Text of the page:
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Risks of Cold Exposure
When we immerse ourselves in water colder than 15°C, a strong stress reaction sets in. This starts a whole chain of biochemical and physiological changes. Blood pressure rises and the cold shock can cause gasping. If water is inhaled, there is a risk of drowning.
Because of the risks involved, anyone who considers starting with cold training should therefore consult a doctor. Slowly approaching cold training increases safety. It also brings the best results. After all, if the body is pushed too hard, it cannot get used to the new stimuli. That's why a mindful approach to the cold is important. It not only increases safety, but also brings the greatest health benefits.
Keep in mind that the body continues to cool down after you’ve left the water or the cold environment. This phenomenon is called afterdrop and can last between 20-40 minutes. That’s why you should get out of the water before you get too cold. It doesn’t take long to get the benefits of cold exposure but getting hypothermic carries considerable risks.
Here are a few general recommendations:
Don't go into the water alone, but in a group or with people who already have cold water swimming experience.
Go to a meet-up or special event organized by the Swiss Cold Training Association (STCA) to meet other cold training enthusiasts so you don’t have to go alone.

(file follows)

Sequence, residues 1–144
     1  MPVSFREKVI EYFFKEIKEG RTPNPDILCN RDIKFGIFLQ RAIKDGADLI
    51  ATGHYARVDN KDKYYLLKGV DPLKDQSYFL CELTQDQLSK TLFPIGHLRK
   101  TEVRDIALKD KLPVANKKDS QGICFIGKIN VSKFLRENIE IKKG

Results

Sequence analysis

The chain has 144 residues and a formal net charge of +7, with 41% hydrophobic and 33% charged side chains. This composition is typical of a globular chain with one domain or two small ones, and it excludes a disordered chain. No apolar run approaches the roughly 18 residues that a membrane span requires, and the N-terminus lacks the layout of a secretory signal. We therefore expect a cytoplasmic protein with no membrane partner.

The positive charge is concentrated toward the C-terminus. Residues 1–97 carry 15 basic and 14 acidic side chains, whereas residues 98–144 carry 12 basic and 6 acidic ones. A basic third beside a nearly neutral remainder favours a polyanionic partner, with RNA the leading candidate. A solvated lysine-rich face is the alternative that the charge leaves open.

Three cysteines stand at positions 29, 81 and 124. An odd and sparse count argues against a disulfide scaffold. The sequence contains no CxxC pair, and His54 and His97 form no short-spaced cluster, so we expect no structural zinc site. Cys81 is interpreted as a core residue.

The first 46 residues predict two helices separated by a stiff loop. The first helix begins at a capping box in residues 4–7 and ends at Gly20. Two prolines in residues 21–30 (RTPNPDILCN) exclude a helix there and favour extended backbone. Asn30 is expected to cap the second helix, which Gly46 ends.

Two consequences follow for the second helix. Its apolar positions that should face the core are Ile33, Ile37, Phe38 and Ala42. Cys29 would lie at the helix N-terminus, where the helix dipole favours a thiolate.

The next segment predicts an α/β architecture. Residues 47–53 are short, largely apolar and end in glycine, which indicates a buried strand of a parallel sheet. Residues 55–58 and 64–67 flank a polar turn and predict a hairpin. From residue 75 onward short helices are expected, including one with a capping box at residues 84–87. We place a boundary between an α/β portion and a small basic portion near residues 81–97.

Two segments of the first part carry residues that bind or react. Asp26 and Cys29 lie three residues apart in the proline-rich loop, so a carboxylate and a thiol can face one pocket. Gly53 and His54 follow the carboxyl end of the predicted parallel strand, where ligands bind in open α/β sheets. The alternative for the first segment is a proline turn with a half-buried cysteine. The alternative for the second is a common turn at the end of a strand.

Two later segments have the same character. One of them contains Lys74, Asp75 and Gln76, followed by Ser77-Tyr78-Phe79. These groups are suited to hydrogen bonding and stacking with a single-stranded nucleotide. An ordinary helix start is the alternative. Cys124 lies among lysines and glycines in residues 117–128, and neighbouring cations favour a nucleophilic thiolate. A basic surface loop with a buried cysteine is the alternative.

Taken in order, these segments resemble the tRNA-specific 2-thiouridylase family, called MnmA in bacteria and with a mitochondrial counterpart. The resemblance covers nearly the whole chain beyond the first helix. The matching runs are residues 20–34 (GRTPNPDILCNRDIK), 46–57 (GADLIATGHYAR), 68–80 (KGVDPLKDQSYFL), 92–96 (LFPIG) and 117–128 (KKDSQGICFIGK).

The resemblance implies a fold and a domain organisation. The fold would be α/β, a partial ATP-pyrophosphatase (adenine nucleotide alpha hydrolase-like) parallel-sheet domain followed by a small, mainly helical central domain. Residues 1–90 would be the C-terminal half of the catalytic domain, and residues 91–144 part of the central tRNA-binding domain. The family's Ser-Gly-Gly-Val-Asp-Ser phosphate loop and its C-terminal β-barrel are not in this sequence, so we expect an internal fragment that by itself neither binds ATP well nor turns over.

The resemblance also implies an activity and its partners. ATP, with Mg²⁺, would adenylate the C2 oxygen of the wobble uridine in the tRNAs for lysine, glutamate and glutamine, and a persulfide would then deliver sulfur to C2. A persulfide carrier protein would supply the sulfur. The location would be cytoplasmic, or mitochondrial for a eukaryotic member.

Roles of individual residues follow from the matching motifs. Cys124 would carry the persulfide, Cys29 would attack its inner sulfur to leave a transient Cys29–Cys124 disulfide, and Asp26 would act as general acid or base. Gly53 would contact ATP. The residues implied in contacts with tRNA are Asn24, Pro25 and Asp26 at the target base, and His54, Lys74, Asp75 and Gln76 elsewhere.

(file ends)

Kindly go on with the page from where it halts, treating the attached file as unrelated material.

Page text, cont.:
Make sure you can call for help if you need it. A cell phone should be on the shore.
Enter the water slowly and make sure your breathing is conscious and controlled.
Wait 1-2 minutes for the cold shock to pass and for you to breathe calmly before getting into deeper waters.
Set yourself a maximum time limit and do not change it even if others stay in the water longer. Cold training is not a competition.
If you do not feel well before your time limit, get out of the water.
Before starting your training, know how to get out of the water well and safely, even if your coordination, strength, and balance are impaired by the water.
Warm up slowly. Warming up too quickly can overwhelm your circulation and, amongst other conditions, result in uncontrolled shivering.
We keep a record of all the incidents that we are informed about and make sure to stay up to date with all risks associated to the cold and to the specific health conditions. If you have experienced an accident in the cold, please reach out and let us know. We collect and share this data so that cold training becomes safer overall.
Sign up and become a member to learn more about cold induced temporary amnesia and other risks.
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